|Tidal influence on high frequency harbor oscillations in a narrow entrance bay|Monserrat, S.; Fine, I.; Amores, A.; Marcos, M. (2015). Tidal influence on high frequency harbor oscillations in a narrow entrance bay, in: Vilibic, I. et al. (Ed.) Meteorological tsunamis: The U.S. East Coast and other coastal regions. pp. 143-153. hdl.handle.net/10.1007/978-3-319-12712-5_8
In: Vilibic, I. et al. (Ed.) (2015). Meteorological tsunamis: The U.S. East Coast and other coastal regions. Previously published in Natural Hazards, Volume 74, Issue 1, 2014. Springer: Cham. ISBN 978-3-319-12711-8. 303 pp. dx.doi.org/10.1007/978-3-319-12712-5, more
Seiche Meteotsunami Wells harbor Tides
|Authors|| || Top |
- Monserrat, S.
- Fine, I.
- Amores, A.
- Marcos, M.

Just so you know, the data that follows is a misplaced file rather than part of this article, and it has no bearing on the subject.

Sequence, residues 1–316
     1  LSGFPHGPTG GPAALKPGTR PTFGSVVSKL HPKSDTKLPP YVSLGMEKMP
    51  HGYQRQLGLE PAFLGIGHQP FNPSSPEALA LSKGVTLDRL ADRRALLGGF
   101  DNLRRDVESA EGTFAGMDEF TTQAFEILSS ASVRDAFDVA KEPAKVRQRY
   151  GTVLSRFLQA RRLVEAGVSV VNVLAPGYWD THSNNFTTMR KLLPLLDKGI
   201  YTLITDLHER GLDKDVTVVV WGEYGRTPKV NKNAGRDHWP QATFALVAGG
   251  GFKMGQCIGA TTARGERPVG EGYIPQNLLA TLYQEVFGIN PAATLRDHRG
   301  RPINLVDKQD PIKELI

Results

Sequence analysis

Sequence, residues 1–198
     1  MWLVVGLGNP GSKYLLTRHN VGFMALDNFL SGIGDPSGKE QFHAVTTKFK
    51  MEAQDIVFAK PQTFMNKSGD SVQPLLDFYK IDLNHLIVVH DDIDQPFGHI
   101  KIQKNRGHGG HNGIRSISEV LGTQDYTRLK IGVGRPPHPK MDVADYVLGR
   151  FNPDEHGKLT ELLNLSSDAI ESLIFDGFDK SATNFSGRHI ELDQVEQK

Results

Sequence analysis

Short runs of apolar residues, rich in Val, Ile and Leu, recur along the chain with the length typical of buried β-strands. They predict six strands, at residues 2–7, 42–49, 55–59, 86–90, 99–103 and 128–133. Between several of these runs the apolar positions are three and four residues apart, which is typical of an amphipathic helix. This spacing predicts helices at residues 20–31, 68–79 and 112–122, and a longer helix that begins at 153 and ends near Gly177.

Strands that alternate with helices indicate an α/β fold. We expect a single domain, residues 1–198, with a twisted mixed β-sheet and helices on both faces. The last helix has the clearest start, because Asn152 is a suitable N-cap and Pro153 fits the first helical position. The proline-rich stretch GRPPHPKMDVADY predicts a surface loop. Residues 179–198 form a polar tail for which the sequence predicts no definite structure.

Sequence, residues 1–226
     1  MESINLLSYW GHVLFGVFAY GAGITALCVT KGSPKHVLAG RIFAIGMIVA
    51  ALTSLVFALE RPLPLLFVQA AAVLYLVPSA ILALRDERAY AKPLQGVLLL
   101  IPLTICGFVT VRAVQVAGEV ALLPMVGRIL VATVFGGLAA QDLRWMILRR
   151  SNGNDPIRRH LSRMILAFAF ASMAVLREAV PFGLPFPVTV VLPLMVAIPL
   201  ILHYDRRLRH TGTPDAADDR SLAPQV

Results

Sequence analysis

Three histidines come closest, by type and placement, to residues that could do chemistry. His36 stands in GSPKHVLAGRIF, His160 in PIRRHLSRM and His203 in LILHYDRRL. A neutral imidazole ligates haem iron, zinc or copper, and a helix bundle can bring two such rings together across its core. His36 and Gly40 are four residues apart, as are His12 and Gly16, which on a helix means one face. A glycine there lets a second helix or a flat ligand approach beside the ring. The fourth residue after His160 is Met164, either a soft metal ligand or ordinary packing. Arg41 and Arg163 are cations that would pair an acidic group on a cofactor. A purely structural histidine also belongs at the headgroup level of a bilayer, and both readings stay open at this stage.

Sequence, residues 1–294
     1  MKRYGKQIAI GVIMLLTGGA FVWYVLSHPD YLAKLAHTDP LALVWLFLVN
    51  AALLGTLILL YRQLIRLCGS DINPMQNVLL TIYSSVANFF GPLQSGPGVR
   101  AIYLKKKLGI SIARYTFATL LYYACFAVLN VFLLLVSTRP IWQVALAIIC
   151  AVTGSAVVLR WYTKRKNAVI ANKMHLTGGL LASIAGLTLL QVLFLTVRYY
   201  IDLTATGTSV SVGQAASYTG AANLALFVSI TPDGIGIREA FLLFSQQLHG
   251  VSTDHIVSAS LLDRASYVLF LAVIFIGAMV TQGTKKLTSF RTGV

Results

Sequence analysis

High frequency sea level oscillations at Wells Harbor (Maine, Northeastern US), with periods in the range of several tens of minutes, display a tidally modulated response. During low tides, these sea level oscillations reach amplitudes of 10–20 cm, while during high tides they are significantly smaller. Wells Harbor is located in a low lying area with a tidal range of about 2 m and is connected to the open ocean through a narrow channel. Thus, the extent and depth of the bay significantly vary over a tidal cycle. This changing geometry determines both the resonant periods and the amplification factor of the bay. Numerical results confirm the link between observed variability and these specific topographic features. Results imply that when exceptionally energetic long waves reach the Wells Harbor entrance (as in the case of a tsunami or meteotsunami) the expected response will be significantly stronger during low tide than during high tide. Although mean sea level would be lower in the former case, the currents inside the bay would be stronger and potentially more dangerous. This tidally modulated response could be extrapolated to other sites with similar topographic characteristics.